There’s a time and a place for violence but Hendringham and Thampsted CAMRA’s AGM definitely isn’t it.
Anyone who thinks throwing punches is the best way to win an argument is no more than an animal in my eyes, but unfortunately it’s sometimes inevitable that a heated debate about real ale will deteriorate into two grown men wrestling on the floor.
Sadly, this is how I came to lose my position as Hendringham and Thampsted branch vice-chairman.
We met at The Bull in Fumton, our 2017 pub of the year, and after a fine beef roast we were all in high spirits… apart from Mike Denby who’s been depressed since his wife left him.
A handful of us retired to the snug bar for a pint of Tadger’s Milk Maid bitter (4.1%, with a very funny pump clip featuring a buxom wench milking a cow), when in strolls the chairman Ian Jemson grinning like a Cheshire cat.
‘What are you so happy about?’ I asked.
‘I’ve just got an email saying I’ve been nominated for the CAMRA local branch chairman of the year award.’
I accidentally insulted Jemson, his wife, his children, his car, his moustache, his clothes and his running of the branch
There were congratulations and handshakes all round but I was livid. Jemson, in my opinion, has been on borrowed time.
‘What?’ I said, spitting my pint over the floor. ‘You? What you know about real ale wouldn’t cover the back of a postage stamp.’
Suddenly the atmosphere was tense.
‘I think you’ve had enough, Ray,’ Jemson said, patronising as ever.
I sank my Milk Maid, ordered a pint of Tadger’s Bogs Dollocks stout (4.8%) and downed that too.
I then attempted to make a witty remark about Jemson’s lack of beer knowledge but the Bogs went straight to my head. Instead I accidentally insulted Jemson, his wife, his children, his car, his moustache, his clothes and his running of the branch.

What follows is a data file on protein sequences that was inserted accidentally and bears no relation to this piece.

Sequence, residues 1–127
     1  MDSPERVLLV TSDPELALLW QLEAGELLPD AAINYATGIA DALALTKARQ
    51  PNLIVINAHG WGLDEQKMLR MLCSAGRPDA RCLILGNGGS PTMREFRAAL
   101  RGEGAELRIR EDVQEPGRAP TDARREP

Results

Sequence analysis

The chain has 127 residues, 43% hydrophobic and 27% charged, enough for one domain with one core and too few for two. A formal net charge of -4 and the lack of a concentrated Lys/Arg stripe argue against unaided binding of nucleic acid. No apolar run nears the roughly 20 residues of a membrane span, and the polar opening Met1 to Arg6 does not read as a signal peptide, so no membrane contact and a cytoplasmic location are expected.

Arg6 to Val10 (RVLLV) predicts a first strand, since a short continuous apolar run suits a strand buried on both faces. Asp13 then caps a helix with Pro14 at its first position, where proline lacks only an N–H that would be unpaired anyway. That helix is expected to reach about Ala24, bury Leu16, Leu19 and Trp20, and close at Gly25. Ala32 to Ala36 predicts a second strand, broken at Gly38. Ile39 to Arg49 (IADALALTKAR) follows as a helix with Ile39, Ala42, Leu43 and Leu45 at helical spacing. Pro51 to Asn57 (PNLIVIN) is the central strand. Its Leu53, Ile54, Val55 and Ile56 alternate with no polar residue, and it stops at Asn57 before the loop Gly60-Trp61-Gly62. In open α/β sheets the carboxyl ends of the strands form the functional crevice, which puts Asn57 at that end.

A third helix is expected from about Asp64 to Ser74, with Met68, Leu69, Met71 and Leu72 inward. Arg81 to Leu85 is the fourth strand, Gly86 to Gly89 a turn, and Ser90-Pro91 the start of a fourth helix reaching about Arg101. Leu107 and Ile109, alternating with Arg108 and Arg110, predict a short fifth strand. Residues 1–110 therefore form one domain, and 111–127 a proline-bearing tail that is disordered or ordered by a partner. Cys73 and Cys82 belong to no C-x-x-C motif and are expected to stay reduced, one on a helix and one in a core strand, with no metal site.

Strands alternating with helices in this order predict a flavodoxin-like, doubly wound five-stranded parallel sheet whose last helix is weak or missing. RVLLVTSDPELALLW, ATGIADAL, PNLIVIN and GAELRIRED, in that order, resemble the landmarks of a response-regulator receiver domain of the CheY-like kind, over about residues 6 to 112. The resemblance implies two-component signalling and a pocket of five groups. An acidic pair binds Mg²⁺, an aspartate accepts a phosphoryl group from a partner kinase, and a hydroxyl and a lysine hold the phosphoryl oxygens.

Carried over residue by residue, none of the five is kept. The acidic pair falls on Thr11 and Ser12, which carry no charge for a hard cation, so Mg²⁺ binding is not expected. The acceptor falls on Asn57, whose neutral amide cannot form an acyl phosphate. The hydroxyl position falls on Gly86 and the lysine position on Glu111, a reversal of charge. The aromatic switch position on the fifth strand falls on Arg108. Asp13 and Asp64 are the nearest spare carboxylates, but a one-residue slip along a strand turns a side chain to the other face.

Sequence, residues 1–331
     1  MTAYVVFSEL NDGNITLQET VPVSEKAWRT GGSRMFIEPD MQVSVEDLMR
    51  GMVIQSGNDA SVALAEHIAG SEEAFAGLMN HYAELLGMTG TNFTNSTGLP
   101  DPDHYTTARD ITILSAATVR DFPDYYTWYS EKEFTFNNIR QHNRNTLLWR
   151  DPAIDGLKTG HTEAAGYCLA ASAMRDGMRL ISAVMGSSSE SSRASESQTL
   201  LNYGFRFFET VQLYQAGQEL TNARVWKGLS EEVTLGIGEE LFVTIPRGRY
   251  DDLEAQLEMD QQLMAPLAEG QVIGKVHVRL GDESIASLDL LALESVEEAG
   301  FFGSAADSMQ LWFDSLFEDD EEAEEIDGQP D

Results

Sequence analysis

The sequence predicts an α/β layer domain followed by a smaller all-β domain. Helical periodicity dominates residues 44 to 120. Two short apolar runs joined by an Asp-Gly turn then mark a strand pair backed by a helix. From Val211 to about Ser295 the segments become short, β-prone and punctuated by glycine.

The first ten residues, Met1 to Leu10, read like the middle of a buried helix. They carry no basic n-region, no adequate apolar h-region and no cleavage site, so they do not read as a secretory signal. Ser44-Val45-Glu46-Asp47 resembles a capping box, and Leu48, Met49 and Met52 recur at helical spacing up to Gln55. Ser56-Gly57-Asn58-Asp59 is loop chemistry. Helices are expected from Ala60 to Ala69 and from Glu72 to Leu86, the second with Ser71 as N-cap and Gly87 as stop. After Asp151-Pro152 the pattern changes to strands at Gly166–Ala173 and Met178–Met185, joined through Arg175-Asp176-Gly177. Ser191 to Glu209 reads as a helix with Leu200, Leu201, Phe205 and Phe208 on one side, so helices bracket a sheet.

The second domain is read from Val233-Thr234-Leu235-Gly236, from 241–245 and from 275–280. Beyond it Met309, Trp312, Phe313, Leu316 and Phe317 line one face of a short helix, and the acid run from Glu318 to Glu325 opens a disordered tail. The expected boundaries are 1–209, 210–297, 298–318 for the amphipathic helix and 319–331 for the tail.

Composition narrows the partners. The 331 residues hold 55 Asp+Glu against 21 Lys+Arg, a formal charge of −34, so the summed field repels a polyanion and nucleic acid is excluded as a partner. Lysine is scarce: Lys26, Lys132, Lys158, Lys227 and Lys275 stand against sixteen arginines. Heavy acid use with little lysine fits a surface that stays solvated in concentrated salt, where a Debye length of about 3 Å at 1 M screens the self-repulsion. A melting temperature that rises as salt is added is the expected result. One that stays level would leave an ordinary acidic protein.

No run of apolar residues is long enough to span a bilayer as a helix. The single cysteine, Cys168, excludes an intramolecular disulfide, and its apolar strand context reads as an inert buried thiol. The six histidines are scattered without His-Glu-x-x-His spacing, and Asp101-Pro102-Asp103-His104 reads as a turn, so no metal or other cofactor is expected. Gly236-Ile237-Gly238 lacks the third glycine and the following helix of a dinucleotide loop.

Jemson turned his back on me – a typically provocative move – and I saw red. I grabbed a barstool but before I’d had the chance to hurl it at him, I was on the floor with Jemson and his mate Dave Purfield on top of me. Purfield, sensing danger, had pounced like tiger, forcing my arms behind my back and kneeing me in the side. I forgot he was a copper.
‘Stop being a prat, Ray,’ Jemson said as Purfield held my head on the cold slate floor. He kept me there for a good five minutes until I faked an angina attack.
I got back to my feet and left in a hurry. I knew I’d made a huge mistake. I could barely concentrate on the drive home.
Two days later, Jemson sent an email informing me I was no longer branch vice-chairman and that my membership was suspended for a year.
A year! You get less for murder.
I fired back an email telling him CAMRA rules meant he needed the approval of 50% of branch members to suspend someone and that he should tell me to my face. He told me he had 100% approval and asked what time he should come over. I lied and said I was out as I didn’t want a confrontation in front of my wife Marjorie.
I sat in front of the TV and drank six bottles of Tadger’s Best (3.8%, bottle conditioned) to drown my sorrows
In his final email said he was sorry the incident had spoiled the night, that we’d all had a bit too much to drink and everyone appreciated the years of service I’d given the branch. He was probably starting to realise he’d left himself with a huge Ray-shaped hole to fill.
Suddenly the reality of being a year without my beloved CAMRA group began to hit me. I was in shock.
After an hour of staring at the wall, I went downstairs to tell Marjorie I’d been booted out of CAMRA and that she’d be seeing a lot more of me. She seemed genuinely devastated.
That night, I didn’t feel like eating. I sat in front of the TV and drank six bottles of Tadger’s Best (3.8%, bottle conditioned) to drown my sorrows. It was only March but already 2018 was ruined.
I knew my behaviour had not been of the highest order. But what the hell was I going to do with the next twelve months? Perhaps I could use the time to learn a new language and take up judo.
But I don’t want another hobby. I’m a real ale man. It’s in my blood. I am beer and beer is me.
I retired to my brew shed with a book about the history of barrel making and tried to look on the bright side. But there wasn’t one.